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Wednesday, July 29 • 4:45pm - 6:00pm
Alessandro Acquisti: I just found 10 Million SSNs

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Social Security numbers (SSNs) were created in the 1930s as identifiers for accounts tracking individual earnings. Over time,they started being used (and abused) as sensitive authenticators. Hence, they became one of the pieces of information most often sought by identity thieves. To respond to growing concerns with SSN over-exposure and counter the rise of identity theft, policy makers have encouraged individuals to keep their SSNs safe and confidential, and, more recently, enacted legislation to reduce their public availability. But what if even well-meaning consumers may provably be unable protect their SSNs, and legislative initiatives aimed at reducing their availability may in fact backfire? We will examine the possibility that SSNs may be more predictable than currently acknowledged, and discuss the unintended consequences of policy initiatives in the area of identity theft prevention.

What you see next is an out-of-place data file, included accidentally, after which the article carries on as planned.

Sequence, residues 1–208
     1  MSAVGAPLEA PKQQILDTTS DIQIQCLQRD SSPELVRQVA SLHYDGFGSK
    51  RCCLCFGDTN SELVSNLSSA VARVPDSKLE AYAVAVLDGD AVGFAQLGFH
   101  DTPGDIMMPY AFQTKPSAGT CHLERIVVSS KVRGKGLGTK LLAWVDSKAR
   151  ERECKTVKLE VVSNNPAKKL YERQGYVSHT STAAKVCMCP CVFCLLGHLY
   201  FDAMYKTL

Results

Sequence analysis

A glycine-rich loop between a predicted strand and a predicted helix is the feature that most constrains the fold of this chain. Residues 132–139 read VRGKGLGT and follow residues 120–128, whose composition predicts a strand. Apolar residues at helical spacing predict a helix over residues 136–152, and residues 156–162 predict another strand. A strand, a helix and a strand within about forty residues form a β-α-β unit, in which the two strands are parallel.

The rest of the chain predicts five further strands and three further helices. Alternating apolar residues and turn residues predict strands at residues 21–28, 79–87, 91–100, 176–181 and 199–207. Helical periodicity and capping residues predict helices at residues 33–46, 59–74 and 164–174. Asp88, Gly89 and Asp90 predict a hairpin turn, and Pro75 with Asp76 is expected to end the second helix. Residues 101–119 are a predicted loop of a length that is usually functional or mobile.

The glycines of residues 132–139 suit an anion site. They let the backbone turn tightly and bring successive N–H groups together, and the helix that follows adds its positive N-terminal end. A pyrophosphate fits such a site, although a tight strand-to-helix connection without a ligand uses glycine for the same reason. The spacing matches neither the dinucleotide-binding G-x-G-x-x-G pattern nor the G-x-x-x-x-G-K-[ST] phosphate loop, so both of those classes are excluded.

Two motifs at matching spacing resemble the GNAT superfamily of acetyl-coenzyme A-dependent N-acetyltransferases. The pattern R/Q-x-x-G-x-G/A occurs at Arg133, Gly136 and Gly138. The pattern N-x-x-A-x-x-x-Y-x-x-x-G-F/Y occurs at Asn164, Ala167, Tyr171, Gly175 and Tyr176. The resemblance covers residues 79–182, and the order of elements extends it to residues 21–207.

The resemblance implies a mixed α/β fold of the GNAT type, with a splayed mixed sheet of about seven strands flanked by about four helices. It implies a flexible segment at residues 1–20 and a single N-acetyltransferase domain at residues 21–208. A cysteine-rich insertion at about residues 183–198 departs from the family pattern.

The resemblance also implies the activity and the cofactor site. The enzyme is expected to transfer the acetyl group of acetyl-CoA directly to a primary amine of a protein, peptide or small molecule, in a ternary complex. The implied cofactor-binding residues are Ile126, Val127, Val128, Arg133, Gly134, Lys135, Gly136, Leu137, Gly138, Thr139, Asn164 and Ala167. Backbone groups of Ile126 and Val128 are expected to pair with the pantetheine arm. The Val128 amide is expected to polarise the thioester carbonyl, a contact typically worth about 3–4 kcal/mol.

Wednesday July 29, 2009 4:45pm - 6:00pm
Milano Ballroom 5-6-7-8

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